Classical Editor: Rob Barnett                               Music Webmaster Len Mullenger:

Sergei Ivanovich TANEYEV
Complete String Trios: E flat, Op. 31; B minor (1913); D (1879/80)
Belcanto Strings (Wolfgang Schröder, violin; Daniel Raskin, viola; Ramon Jaffé, cello).
Dabringhaus und Grimm MDG 634 1003-2 [69'58] [DDD]

Sergei Taneyev seems distinctly under-represented in today's catalogue. A reputation for academicism has not helped: the robust contrapuntalism of, for example, the first movement of the E flat Trio, Op. 31 indeed clearly reflects this aspect of his nature. One-dimensional dismissal of composers, whilst possibly convenient, tends to carry more harm than good, and here the Belcanto Strings provide an excellent opportunity for reappraisal.

Taneyev's links with the Moscow Conservatory began at an early age. He graduated in May 1875, and returned to teach piano in the early 1880's, subsequently taking over the composition class. Taneyev's pupils include names such as Rachmaninov, Lyapounov, Scriabin and Medtner.

Chamber music proved a natural medium, as the clarity of line appealed to Taneyev's contrapuntal instincts. The purity of the string trio gave rise to the works on the present disc: in the chamber music sphere in general Taneyev left six numbered string quartets, a piano trio, a piano quartet and a piano quintet.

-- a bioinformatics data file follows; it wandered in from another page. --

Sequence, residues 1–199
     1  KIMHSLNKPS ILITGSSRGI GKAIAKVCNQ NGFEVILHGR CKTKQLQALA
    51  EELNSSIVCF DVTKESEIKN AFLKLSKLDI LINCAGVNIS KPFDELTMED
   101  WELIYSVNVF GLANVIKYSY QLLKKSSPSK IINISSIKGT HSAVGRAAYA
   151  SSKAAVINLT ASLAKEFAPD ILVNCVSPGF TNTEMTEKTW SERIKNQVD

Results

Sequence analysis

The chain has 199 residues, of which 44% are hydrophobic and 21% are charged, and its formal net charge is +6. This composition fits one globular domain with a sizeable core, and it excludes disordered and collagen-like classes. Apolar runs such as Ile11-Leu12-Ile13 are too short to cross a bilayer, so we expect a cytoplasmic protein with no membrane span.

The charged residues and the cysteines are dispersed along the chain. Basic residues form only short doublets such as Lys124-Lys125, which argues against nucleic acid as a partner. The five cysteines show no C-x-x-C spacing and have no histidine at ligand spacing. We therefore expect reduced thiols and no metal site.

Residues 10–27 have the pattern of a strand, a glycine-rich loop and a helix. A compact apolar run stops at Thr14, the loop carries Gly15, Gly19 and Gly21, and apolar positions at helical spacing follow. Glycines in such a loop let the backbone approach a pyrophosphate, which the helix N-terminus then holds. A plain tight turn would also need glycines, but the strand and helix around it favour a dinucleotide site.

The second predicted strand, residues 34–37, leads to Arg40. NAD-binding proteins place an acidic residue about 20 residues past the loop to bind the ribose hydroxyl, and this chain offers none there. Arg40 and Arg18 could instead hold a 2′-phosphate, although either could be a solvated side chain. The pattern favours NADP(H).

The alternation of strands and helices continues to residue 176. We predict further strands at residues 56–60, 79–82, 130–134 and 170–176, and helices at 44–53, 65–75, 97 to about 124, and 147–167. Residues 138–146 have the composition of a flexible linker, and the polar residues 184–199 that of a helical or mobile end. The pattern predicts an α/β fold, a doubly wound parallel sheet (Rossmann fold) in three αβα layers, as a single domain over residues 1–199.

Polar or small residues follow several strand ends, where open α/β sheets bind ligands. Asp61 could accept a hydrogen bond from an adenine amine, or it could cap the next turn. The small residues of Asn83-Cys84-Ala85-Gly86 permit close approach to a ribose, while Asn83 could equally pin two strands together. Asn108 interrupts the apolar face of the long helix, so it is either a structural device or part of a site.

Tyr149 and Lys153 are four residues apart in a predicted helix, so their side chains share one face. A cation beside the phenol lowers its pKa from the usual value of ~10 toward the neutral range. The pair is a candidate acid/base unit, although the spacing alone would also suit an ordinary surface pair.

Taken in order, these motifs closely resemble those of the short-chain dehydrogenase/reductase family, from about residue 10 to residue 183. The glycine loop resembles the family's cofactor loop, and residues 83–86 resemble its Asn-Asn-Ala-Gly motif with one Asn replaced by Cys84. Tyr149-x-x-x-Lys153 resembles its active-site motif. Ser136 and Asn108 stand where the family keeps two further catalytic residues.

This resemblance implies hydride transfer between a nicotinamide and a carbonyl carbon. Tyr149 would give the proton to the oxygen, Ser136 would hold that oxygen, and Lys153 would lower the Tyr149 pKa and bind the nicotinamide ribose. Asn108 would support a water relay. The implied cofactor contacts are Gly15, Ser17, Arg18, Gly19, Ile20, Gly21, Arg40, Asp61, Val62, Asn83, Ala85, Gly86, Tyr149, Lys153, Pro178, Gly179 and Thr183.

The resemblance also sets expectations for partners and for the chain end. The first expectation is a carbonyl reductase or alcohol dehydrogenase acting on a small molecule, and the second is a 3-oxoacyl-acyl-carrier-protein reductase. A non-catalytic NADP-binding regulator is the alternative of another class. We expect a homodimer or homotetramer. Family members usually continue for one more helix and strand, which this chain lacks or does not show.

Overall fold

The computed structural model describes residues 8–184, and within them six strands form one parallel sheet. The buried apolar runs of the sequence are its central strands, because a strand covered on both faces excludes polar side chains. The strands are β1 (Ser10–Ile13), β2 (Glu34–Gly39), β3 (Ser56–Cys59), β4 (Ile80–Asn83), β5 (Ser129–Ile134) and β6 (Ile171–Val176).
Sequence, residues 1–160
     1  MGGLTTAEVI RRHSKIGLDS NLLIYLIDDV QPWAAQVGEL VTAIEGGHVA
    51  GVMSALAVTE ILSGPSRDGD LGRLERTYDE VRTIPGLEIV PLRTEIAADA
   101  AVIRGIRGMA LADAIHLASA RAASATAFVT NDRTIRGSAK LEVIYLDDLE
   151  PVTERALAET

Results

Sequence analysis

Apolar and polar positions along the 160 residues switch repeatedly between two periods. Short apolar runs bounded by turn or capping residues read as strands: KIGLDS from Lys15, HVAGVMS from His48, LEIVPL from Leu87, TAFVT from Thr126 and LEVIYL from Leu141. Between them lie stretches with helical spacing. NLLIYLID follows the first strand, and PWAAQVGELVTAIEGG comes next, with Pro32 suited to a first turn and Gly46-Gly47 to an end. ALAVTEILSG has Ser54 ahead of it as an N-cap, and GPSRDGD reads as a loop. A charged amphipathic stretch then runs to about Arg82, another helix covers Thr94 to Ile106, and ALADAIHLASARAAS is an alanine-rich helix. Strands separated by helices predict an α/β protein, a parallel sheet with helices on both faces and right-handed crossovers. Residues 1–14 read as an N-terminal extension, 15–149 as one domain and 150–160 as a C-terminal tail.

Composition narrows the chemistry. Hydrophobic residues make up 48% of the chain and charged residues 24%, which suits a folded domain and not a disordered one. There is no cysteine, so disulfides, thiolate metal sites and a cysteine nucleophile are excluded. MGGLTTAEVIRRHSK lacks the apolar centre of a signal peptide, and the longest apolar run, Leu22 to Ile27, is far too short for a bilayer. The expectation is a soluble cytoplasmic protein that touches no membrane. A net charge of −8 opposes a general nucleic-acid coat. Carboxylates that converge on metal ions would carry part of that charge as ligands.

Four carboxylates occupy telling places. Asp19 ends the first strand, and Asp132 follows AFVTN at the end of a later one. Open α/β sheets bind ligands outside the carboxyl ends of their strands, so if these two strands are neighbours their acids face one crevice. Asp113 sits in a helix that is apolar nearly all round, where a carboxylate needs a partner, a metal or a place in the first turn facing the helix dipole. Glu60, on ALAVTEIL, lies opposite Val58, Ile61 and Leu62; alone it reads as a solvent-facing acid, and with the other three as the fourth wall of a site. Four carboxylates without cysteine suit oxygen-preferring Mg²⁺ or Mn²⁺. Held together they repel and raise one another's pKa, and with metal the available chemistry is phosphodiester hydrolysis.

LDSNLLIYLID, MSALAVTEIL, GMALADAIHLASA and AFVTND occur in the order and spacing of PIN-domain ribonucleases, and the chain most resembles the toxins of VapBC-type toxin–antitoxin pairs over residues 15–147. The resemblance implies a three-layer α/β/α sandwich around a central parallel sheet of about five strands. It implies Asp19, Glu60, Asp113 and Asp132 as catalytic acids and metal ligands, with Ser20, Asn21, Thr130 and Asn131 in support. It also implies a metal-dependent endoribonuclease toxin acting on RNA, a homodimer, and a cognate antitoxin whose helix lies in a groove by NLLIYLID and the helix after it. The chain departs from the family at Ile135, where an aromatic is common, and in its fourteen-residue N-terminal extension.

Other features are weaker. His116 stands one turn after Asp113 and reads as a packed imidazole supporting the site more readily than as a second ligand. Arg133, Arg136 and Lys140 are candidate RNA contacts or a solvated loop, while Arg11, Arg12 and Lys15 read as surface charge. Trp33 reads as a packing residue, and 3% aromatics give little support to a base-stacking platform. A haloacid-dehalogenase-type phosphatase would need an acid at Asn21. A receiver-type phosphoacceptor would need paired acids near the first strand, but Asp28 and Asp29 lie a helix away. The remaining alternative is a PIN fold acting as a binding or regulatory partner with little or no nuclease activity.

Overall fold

The disc begins with the E flat Trio of 1910. The Belcanto Strings give a tender, delicately shaded account of the third movement, Adagio espressivo and provide the requisite lively articulation and sprightly rhythms for the charming 'Scherzino' and the bouncy finale.

After that, the darker, viola imbued opening of the two-movement B minor Trio (complete with sniff-anacrusis!) comes as a moving contrast. Variation form would seem a similarly natural form to a composer whose major academic treatise was entitled Florid Counterpoint in Strict Style. There is hardly a hint of the dusty conservatory library in the variations that form the second movement, however. Rather, Taneyev seeks to cover a surprisingly wide emotional range over its ten-minute duration.

Of all the works on this disc, it is in the D major that one is aware of the lighter, airy texture of the string trio medium. Lightness does not mean lack of musical substance, however, and the first movement in particular can be elusive at times. Taneyev can seem almost like a Russian Mendelssohn, something that is particularly true of the D major trio.

The advocacy of the young Belcanto Strings is a major contributory factor to this disc's success. The recording is clear and focussed.


Colin Clarke




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